Jason Poquette
Jason Poquette
Jason Poquette, RPh, is a 1993 graduate of the University of Connecticut School of Pharmacy. For most of his career, he has held retail pharmacy management positions. He also spent 7 years working in health plan formulary analysis and research. He currently works for Pharmacy Healthcare Solutions (PHS) as manager of an outpatient hospital pharmacy, developing programs to improve utilization of the pharmacy and transitional care for patients.

Why Do Some Prescriptions Require Prior Authorization?

AUGUST 08, 2016
There are some frustrations certain pharmacists deal with in their practice settings that others hardly ever encounter at all. For the community or health-system pharmacist or pharmacy technician, one such headache is prior authorization (PA).

I sometimes find myself daydreaming about a pharmacy job that doesn’t encounter PAs. But, having dealt with them for more than 20 years, I think I’ve developed a fairly comprehensive method for handling them, and it would be a shame to let all that knowledge go to waste.

This article is for pharmacists thinking about retail pharmacy or pharmacy students considering it as a career. It might also be appropriate for new retail pharmacists or pharmacists in other settings who are curious about PAs.

Of course, I’m not suggesting other pharmacists don’t encounter PAs. If you’re a clinical pharmacist working in an ambulatory care setting, you may have dealt with the frustration of patients telling you their prescribed drug couldn’t be filled because it required a PA. And, of course, if you work in managed care, you may live and breathe PAs.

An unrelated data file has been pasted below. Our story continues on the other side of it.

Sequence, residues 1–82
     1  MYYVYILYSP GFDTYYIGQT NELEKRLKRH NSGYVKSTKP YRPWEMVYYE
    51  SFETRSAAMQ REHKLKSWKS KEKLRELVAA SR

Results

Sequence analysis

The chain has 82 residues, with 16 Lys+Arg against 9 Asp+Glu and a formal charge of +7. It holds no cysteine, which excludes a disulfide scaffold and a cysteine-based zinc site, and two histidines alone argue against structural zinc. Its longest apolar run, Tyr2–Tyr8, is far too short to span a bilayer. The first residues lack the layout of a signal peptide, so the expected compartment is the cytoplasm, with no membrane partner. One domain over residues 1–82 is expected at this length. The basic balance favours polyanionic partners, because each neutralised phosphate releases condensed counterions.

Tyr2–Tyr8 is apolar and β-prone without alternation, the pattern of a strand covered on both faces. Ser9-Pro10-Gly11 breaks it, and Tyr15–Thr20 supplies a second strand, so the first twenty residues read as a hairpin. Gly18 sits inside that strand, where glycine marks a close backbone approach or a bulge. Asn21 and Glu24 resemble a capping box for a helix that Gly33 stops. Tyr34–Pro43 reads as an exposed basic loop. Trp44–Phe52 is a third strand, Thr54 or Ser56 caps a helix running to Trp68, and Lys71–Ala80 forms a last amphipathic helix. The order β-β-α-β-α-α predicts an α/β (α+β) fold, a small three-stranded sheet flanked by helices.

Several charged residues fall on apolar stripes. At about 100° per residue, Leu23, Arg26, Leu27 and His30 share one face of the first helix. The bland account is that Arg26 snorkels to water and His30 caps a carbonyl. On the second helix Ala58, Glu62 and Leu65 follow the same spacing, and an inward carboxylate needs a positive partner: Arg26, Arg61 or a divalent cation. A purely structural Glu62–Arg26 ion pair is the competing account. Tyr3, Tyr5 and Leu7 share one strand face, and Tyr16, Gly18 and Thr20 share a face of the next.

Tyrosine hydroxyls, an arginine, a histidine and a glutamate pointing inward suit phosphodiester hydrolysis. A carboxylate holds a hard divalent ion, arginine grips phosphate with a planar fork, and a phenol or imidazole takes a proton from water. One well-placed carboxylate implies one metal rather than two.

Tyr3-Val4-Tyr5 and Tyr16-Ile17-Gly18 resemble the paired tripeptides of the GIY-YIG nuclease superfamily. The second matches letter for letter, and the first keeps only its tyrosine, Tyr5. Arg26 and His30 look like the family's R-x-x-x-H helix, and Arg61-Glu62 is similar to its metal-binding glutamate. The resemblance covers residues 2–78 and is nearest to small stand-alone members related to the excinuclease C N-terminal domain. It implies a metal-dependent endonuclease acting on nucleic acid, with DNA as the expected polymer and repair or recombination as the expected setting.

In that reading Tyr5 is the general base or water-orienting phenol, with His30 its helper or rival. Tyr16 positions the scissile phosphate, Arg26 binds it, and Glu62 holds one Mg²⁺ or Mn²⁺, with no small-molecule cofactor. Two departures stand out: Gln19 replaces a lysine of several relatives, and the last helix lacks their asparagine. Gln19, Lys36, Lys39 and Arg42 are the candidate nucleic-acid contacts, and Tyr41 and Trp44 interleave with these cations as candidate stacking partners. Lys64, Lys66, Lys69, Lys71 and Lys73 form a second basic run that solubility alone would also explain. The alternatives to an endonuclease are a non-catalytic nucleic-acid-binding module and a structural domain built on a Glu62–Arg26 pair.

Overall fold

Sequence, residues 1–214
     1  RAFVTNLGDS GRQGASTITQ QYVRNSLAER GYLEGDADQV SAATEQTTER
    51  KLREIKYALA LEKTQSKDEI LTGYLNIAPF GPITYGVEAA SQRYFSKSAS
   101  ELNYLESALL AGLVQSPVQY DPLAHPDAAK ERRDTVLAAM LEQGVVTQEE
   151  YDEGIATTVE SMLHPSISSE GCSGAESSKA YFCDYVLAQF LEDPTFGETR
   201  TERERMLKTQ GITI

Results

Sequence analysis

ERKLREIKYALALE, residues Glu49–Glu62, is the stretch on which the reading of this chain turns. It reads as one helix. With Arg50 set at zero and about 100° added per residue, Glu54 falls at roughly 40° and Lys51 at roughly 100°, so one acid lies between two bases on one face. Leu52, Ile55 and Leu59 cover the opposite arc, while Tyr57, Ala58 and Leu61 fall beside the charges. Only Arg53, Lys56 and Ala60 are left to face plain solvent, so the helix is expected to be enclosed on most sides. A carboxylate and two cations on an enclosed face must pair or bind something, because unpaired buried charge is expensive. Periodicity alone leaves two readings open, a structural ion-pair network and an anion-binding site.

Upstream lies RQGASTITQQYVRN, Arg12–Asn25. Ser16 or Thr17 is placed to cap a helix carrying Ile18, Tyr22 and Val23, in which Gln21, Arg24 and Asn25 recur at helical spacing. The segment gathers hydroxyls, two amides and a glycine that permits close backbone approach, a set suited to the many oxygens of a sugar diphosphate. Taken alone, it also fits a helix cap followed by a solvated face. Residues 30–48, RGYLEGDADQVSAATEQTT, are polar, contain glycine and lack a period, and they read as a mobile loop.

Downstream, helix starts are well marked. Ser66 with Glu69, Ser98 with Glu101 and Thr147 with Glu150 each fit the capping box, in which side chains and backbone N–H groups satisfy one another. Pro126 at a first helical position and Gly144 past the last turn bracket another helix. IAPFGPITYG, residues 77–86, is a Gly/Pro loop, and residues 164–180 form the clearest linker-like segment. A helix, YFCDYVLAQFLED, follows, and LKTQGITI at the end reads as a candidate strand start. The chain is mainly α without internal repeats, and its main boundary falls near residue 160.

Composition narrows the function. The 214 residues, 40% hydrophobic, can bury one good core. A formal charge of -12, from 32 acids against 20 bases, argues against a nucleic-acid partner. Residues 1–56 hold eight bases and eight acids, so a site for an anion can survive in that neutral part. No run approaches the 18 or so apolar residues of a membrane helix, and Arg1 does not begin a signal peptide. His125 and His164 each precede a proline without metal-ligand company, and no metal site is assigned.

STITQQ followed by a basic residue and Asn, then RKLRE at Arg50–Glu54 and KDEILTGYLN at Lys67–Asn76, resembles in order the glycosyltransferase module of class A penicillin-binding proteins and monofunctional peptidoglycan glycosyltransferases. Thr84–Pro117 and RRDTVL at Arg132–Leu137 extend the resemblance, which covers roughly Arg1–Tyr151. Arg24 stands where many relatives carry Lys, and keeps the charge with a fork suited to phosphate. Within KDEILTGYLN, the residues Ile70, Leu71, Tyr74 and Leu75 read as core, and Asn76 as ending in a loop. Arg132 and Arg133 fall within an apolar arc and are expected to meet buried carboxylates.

My own familiarity with PAs stems from a long career in community pharmacy, as well as 7 years spent exclusively working as a formulary analyst, when I did nothing but research PA criteria for various drug classes, including oncology and specialty pharmaceuticals.

What Is a PA?
It’s a tool used by managed care (eg, insurance companies) to make sure the prescribed medication is appropriate and necessary. When a particular drug requires a PA, the pharmacy will generally receive a “rejected” claim from the insurance company when attempting to fill it. The rejection will simply read, “Prior Authorization Required.”

PAs are specific to each health plan. So, while some drugs may require a PA no matter the type of insurance, other medications may vary depending on the plan involved. That’s why it’s often hard to predict whether or not a prescription will need a PA prior to running the claim.


SHARE THIS SHARE THIS
69
Pharmacy Times Strategic Alliance
 

Pharmacist Education
Clinical features with downloadable PDFs


Next-Generation Pharmacist® Awards


SIGN UP FOR THE PHARMACY TIMES NEWSLETTER
Personalize the information you receive by selecting targeted content and special offers.